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Old Testament in the New

by
27 June 2011

Peter Anthony reads a useful survey of what the scholars say

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Jesus and Scripture
Steve Moyise

SPCK £12.99
(978-0-281-06217-1)
Church Times Bookshop £11.70

STEVE MOYISE has produced an excellent, and much needed, intro­duction to the question of how the Gospel-writers present Jesus’s under­standing and use of the Old Testament.

This is an area of scriptural study notorious for being fiendishly complex, and frequently made unrelievedly boring by the scholars that discuss it. Moyise’s presentation of the subject is, however, neither of these things. He has produced here a very approachable undergraduate-level introduction to the subject, which is eminently readable.

The first chapters run through the four Gospels, examining the way in which they present Jesus inter­pret­ing the scriptural tradition of Israel, how the Old Testament is quoted in polemical contexts, and how the Gospel-writers themselves present the actions and words of Jesus as fulfilling the prophetic tradition. We are introduced to the usual range of explanations that seek to account for the complexities of the relationship between the Gos­pels, as well as the critical methods used in historical-Jesus research.

Moyise then proceeds, in the second half of the book, to give an outline and critique of three ap­proaches. The first is what he terms the “minimalist” school, typified by scholars such as Vermes, Crossan, and Borg, which is sceptical that any of Jesus’s quotations of scripture in the Gospels is anything other than a fabrication by the Gospel-writers. Second, he outlines the “moderate” outlook taken by Tom Wright and James Dunn, which sees the Gospels as able to give us a substantial and reliable understanding of Jesus’s interaction with the scriptures of Israel, even though this is mediated by the theological commitments of the gospel writers. Last, Moyise reviews the “maximalist” position taken by more conservative scholars who seek to defend every quotation of the Old Testament as entirely attributable to the historical Jesus.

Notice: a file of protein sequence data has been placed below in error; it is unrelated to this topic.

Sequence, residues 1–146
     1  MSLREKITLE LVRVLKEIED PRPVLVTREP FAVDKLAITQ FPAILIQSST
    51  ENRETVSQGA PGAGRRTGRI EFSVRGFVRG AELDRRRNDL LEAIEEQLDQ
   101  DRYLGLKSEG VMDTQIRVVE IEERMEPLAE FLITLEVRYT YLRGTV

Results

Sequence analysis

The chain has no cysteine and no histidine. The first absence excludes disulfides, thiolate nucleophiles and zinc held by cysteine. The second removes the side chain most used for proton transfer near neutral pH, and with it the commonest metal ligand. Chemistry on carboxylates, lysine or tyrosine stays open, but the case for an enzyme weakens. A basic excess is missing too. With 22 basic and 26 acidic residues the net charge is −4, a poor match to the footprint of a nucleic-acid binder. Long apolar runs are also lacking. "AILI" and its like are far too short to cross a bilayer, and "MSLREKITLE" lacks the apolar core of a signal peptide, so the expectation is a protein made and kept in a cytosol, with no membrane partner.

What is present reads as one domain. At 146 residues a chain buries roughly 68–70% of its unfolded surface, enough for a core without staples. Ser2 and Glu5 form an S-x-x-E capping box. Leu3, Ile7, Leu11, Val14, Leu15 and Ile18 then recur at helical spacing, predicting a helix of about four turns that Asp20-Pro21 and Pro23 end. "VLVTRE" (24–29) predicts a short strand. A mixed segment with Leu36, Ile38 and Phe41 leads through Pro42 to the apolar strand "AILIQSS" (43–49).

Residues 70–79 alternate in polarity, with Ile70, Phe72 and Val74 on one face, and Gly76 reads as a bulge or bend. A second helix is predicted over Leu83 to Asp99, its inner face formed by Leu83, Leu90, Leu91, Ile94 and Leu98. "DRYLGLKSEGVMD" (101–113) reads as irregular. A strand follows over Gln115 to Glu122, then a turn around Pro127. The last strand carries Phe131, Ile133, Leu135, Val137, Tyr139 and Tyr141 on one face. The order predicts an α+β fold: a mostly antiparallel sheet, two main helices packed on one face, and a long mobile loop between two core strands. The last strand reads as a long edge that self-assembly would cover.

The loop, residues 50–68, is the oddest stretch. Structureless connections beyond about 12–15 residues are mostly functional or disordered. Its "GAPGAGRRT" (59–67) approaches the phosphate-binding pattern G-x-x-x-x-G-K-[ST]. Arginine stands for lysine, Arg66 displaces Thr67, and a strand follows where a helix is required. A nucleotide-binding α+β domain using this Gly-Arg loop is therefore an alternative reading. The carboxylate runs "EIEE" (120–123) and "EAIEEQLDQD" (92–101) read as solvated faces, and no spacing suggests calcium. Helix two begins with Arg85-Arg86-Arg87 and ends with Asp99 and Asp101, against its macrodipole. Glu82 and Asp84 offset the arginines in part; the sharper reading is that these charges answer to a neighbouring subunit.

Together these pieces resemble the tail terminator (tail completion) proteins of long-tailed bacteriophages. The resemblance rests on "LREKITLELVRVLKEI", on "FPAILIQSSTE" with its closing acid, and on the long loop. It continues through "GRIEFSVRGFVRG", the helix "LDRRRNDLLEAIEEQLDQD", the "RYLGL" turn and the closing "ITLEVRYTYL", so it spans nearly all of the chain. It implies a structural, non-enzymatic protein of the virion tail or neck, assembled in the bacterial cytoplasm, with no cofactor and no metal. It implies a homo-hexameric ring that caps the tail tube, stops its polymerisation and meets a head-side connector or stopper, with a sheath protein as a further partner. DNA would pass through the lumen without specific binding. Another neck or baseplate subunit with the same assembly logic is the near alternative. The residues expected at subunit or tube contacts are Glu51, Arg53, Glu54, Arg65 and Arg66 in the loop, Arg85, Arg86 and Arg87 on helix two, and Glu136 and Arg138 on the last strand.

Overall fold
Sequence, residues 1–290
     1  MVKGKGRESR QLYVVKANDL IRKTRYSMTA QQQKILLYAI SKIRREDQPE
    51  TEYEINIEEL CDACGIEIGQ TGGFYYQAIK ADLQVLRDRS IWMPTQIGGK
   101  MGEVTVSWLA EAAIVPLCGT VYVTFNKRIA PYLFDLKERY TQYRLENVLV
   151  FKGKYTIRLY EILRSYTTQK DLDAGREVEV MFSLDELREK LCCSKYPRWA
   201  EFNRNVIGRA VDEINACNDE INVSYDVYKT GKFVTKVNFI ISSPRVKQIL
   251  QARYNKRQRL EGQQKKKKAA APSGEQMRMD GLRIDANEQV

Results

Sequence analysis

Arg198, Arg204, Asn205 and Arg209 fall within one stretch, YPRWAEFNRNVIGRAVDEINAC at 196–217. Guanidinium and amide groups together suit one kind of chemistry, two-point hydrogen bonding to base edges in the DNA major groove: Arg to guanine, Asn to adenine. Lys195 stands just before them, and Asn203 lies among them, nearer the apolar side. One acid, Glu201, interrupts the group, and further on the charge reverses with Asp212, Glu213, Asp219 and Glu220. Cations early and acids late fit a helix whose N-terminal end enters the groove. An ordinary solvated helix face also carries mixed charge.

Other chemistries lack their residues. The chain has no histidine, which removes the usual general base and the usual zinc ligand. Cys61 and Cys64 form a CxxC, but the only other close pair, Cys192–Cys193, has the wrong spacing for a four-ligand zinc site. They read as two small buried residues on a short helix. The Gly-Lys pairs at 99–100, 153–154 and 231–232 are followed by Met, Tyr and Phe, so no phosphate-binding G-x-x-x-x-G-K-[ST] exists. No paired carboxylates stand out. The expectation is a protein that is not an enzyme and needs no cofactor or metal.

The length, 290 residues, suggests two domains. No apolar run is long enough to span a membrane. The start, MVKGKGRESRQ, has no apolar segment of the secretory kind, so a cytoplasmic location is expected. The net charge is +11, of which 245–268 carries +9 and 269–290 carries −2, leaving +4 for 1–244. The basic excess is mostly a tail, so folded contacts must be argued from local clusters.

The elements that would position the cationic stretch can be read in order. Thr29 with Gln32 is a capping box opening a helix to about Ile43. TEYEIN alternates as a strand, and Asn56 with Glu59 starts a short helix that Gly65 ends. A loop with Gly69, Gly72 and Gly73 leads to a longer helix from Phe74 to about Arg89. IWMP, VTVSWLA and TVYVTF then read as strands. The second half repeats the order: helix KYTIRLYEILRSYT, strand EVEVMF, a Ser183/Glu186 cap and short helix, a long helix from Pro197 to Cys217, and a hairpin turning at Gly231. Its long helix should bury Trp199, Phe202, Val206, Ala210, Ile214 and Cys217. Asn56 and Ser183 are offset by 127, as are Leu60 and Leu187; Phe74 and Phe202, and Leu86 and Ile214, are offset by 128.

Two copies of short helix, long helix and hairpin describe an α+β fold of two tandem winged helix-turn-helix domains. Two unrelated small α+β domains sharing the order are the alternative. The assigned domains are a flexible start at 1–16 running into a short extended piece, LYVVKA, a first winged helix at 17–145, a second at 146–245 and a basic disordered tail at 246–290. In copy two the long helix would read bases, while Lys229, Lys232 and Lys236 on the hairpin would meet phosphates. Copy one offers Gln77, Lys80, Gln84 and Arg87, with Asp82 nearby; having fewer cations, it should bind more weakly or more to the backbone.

In his short conclusion, Moyise makes it clear that his sympathies lie with the “moderate” school, but offers an incisive critique of the broader debate. Criteria held up as being the impartial key to discern­ment of authentic or inauthentic sayings are frequently not much more than attempts to defend the presuppositions of the scholars who apply them. He rightly sees much of the discussion as a proxy for broader hermeneutical questions concerning whether texts have “fixed” meaning or whether context is important in the emergence of new interpretation and meaning.

This is a very good introduction to a subject that can be dauntingly complicated. Moyise is to be con­gratulated for a useful, clear, and lucid book.

The Revd Peter Anthony is Junior Dean of St Stephen’s House, Oxford, and Junior Chaplain of Merton College, Oxford.

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